Managing food service operations to achieve a specific food cost percentage has long been a fundamental principle of the restaurant business. Management bonuses and other rewards are often based on achieving these predetermined goals. Available tools such as menu engineering and contribution margin, although sound in theory, are not frequently used. Demonstrates the use of menu engineering and contribution margin concepts in terms of customers served. Concludes that the goal of any restaurant should be to apply marketing techniques based on menu engineering and contribution margin concepts in order to achieve the highest possible financial results.
The purpose of this study was to determine what capital budgeting and cost of capital procedures are being used in the food service segment of the hospitality industry and to compare the responses, where possible, with those reported in the previous studies of capital budgeting techniques in the hospitality industry. The most popular primary capital budgeting techniques selected were the sophisticated or discounted cash flow methods, such as net present value and internal rate of return. The payback method was selected as a secondary technique.
The authors identified 12 hotel-management schools that maintain full-service hotels as part of their curriculum and that involve faculty in the oversight of the facility. This study investigated the perceived importance of such "captive hotels" in delivering practical hotel-management education. The authors' study measured perceptions of the importance of practical education and the importance of captive training facilities in developing ten competencies that hotel-management graduates should possess. Those perceptions were gathered from entering hotel-management students, faculty, and corporate recruiters at five schools with captive hotels and five schools without such facilities. All three groups validated the importance of practical work experiences for each of the ten competencies. They agreed that an experiential-learning program is a crucial element of hospitality-management education, but there was less agreement among the groups regarding how essential it is to use a captive training facility to teach those skills.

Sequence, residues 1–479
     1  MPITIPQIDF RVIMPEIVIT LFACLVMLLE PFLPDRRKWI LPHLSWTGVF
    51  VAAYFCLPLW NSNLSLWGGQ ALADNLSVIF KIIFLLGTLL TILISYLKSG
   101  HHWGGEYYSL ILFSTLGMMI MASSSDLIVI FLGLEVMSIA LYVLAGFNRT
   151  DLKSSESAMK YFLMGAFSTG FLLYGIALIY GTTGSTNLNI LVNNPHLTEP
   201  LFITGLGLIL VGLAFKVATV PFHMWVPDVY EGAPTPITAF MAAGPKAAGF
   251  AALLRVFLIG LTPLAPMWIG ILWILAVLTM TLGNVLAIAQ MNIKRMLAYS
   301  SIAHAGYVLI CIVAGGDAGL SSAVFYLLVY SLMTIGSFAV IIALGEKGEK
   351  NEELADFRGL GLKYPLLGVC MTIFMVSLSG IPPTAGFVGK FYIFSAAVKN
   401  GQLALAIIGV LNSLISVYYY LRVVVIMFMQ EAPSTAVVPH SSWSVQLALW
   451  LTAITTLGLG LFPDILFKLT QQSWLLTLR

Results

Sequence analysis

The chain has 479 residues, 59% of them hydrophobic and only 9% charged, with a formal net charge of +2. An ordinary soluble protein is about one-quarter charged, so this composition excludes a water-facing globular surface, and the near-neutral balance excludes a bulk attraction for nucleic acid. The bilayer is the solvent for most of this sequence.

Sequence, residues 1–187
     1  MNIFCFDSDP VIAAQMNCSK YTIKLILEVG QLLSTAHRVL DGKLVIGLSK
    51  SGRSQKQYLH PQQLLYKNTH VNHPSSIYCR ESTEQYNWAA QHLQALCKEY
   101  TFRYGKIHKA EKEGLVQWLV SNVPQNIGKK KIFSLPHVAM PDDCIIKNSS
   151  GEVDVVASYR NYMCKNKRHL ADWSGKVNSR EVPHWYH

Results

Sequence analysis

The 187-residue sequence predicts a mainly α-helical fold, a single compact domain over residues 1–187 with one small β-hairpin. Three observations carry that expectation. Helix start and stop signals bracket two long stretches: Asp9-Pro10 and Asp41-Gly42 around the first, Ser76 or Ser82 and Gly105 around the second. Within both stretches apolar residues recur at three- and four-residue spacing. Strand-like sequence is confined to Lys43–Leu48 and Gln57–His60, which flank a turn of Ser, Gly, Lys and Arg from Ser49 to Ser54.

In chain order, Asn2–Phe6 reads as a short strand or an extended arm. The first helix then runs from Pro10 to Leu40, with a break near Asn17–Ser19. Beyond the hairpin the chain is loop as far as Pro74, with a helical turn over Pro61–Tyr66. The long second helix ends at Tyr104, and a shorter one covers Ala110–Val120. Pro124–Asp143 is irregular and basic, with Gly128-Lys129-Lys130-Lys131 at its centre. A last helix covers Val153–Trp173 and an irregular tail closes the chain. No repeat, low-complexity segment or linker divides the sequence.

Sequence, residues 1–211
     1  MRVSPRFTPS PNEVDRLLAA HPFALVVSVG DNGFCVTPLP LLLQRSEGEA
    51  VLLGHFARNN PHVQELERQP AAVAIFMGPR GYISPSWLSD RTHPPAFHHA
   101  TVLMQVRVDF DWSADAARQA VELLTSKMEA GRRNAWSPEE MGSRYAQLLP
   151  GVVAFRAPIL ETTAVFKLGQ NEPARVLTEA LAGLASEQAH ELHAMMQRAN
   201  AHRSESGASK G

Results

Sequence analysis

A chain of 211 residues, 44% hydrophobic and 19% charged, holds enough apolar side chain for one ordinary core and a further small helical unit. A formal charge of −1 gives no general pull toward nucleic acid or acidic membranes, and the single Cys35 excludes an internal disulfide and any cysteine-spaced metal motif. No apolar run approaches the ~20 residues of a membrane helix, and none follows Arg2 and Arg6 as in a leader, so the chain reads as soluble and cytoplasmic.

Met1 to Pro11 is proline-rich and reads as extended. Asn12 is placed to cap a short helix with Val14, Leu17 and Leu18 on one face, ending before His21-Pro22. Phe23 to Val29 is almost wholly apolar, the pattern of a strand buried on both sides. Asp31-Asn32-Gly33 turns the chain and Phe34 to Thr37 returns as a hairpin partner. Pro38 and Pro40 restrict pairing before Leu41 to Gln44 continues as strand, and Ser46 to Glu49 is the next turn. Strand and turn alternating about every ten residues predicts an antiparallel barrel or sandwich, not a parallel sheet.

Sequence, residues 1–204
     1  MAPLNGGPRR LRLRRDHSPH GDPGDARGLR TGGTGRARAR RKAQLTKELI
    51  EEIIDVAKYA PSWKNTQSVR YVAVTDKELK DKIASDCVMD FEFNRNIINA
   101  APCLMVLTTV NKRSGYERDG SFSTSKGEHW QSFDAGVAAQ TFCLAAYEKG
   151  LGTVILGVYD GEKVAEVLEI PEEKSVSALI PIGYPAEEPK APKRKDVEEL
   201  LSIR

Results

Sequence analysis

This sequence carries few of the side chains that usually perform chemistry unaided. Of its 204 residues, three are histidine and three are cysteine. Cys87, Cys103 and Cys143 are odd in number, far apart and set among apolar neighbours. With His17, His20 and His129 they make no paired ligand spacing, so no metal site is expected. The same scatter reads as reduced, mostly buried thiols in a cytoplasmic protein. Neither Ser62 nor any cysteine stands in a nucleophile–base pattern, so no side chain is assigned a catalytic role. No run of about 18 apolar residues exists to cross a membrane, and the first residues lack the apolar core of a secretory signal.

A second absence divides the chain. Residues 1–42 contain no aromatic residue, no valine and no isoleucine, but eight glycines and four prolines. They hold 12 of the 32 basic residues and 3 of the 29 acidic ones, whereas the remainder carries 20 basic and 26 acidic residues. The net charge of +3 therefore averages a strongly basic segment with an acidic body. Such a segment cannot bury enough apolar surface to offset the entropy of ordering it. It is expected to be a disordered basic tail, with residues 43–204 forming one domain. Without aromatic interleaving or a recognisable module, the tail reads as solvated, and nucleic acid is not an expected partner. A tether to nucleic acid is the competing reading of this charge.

This is the fourth and final article in a series on how hospitality managers can make more money, with this one geared specifically to food and beverage managers. This article discusses maximizing the profit from existing guests (for example, by upselling appetizers, desserts, and beverages) and expanding beyond the restaurant premises (catering and food delivery, as well as partnerships with businesses and special-event organizations). To maximize revenue, restaurant managers must track menu-items' contribution margins and identify the sales mix. Managers also must control seating among different-size parties during peak periods, to ensure fastest table turns and maximum revenue per party. Moving diners away from their table when they are finished eating is also important. Seating control requires a menu-mix analysis combined with a turnover-time analysis of different party sizes. The key to controlling the seating is understanding demand patterns, including how many parties of various sizes want to eat during each hour and how many were refused or walked away. The only way to accurately ascertain demand patterns-total diners and diners per table-is to keep track of all reservation requests.
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